Light received from the scene being imaged is focused by the camera lens 101, through the beam splitter 102 onto the front surfaces of the imager 104. Part of the light is reflected from the beam splitter 102 toward color imager 103, which receives a left-right reversed image. The beam splitter may distribute the light equally or unequally between said image sensors, where more light could be distributed towards the color imager 103. Both imagers 103 and 104 are optically aligned, so they receive exactly the same part of the scene, i.e. the top right pixel of imager 103 is optically aligned with the top left pixel of imager 104 and so forth (accounted for left-right image reversal). The image sensor 104 is scanned at a relatively slow scan rate, which in this embodiment is 24 frames per second, to produce 1080 visible lines per frame. The image sensor 103 is scanned faster than sensor 103, which in this embodiment is 72 frames per second by adding three lines at a time, to produce 360 visible lines per frame. At frame 1 both image sensors are scanned, at frames 2 and 3 only the color sensor 103 is scanned, at frame 4 both image sensors are scanned, at frames 5 and 6 only the color sensor 103 is scanned, at frame 7 both image sensors are scanned, and so on. 24 frames per second progressive scanning for imager 104, and 72 frames per second progressive scanning for imager 103 should not be considered as a limitation. Other frame rates, as well as interlaced scanning can be used.

The imager 104 creates a high frequency luminance signal, which carries complete information about the scene gray level pattern. Converter 105 digitizes the output signal from imager 104, and the digital data stream is gamma corrected using gamma corrector 106. In this embodiment the converter 105 is a 12-bit A/D converter, the corrector 106 compresses the data to 10 bits, and the high-luminance YH has a resolution of MV=1080 vertical lines and MH=1920 horizontal pixels per line.

The color imager 103 creates a set of three signals, providing complete information about the scene color pattern. The format of said color signals depends on the actual imager, and in this particular application the signals are carrying information about green, red and blue contents of the scene. Since the imager 103 receives a mirror image of the scene (left-right reversal), the imager 103 is scanned in reversed horizontal order from right to left, i.e. for each horizontal line the last pixel is clocked out first, and the first pixel is clocked last. This line reversal is not to be limited only to a hardware implementation, in some embodiments this can be done in software. Converter 107 digitizes the output signal from imager 103, and the digital data stream is further gamma corrected using gamma corrector 108. In this embodiment the converter 107 is a 12-bit A/D converter, and the corrector 108 compresses the data to 10 bits. The gamma-corrected data stream from 108 is converted in encoder 111 to a set of one low-resolution luminance signal YL and two color difference component signals CR and CB. The spatial resolution of the luminance signal YL in present embodiment corresponds to 360 vertical lines and 960 horizontal pixels per line, and the resolution of each color difference signal CR or CB is 480 horizontal pixels per line, and 360 vertical lines.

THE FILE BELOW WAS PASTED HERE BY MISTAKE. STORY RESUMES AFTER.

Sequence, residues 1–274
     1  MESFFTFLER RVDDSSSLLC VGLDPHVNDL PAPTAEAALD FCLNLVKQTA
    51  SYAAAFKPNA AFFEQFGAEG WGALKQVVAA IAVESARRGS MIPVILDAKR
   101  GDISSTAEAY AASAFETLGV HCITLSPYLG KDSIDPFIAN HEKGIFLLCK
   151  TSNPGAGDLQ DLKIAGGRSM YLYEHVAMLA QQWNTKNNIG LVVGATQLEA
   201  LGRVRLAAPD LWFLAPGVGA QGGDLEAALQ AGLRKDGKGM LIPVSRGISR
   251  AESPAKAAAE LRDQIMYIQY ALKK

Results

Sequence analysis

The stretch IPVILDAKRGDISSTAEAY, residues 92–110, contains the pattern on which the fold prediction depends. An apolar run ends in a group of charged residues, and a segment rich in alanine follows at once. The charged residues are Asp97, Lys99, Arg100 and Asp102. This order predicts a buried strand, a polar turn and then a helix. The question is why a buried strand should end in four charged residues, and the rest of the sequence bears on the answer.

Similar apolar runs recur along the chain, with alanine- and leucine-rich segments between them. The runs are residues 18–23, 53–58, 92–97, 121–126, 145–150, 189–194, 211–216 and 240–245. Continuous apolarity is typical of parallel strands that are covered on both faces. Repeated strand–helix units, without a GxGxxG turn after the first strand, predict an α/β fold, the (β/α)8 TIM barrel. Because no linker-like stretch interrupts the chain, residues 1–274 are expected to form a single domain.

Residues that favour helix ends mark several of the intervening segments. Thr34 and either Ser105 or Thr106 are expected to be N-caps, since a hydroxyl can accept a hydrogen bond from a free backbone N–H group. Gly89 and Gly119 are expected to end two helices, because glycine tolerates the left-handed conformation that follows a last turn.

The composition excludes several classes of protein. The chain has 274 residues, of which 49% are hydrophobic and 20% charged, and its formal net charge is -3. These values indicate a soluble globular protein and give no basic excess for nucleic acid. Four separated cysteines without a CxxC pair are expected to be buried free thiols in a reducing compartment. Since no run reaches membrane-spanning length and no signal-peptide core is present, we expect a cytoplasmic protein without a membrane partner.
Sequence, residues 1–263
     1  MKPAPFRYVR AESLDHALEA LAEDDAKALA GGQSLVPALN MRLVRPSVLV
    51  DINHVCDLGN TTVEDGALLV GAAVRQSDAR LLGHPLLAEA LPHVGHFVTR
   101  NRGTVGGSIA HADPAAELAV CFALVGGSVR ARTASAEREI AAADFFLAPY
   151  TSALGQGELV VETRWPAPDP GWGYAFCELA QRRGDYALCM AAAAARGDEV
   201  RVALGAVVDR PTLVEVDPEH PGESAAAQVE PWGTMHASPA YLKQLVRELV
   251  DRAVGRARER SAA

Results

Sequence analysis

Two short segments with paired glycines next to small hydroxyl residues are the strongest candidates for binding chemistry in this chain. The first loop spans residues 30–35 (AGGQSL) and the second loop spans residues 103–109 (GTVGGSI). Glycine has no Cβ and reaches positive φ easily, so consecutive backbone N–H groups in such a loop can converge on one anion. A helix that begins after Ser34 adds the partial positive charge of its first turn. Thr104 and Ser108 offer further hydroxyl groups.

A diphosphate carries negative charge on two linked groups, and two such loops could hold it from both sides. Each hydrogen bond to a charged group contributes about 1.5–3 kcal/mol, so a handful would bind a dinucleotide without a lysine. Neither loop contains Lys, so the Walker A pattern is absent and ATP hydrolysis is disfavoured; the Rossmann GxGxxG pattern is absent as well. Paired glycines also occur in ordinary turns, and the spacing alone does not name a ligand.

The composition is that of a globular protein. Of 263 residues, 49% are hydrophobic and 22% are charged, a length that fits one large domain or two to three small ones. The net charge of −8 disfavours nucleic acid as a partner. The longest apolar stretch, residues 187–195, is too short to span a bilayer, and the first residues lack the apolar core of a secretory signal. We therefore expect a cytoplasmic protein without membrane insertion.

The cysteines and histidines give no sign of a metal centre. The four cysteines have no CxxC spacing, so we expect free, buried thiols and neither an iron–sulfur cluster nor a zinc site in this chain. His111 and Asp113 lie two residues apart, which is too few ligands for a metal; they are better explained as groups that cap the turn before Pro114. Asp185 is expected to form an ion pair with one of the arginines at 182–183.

The converter 112 processes only the color difference signals CR and CB from frames 1, 4, 7 and so on, i.e. only the color frames that have a matching mono frame. Pixel and line interpolation is a well-known prior art. In the present embodiment the converter 112 interpolates the pixels in horizontal direction and the lines in vertical direction. During the first step, converter 112 creates one additional pixel between every two existing adjacent pixels, based on the average signal level of said adjacent pixels, and thus doubling the number of pixels in horizontal direction. This process is repeated one more time where, based on the same averaging scheme, one additional pixel is created in horizontal direction between every two already interpolated pixels. This results in quadrupling the number of horizontal pixels. During the second step two additional lines are created between every two existing adjacent lines in vertical direction, based on the average signal level of said adjacent lines. In this way every high-resolution luminance pixel from the mono imager 104 will have two corresponding color difference pixels from imager 103. The interpolated color signals CHR and CHB and the luminance signal YH are temporally aligned using, if necessary, an appropriate delay line, and then digitally mixed together in adder 113. The latter outputs a serial data stream representing the high-resolution image scanned at the slower rate, which in this embodiment is 24 frames per second. The overall image resolution will be determined by the resolution of the luminance signal YH produced by the monochrome imager 104.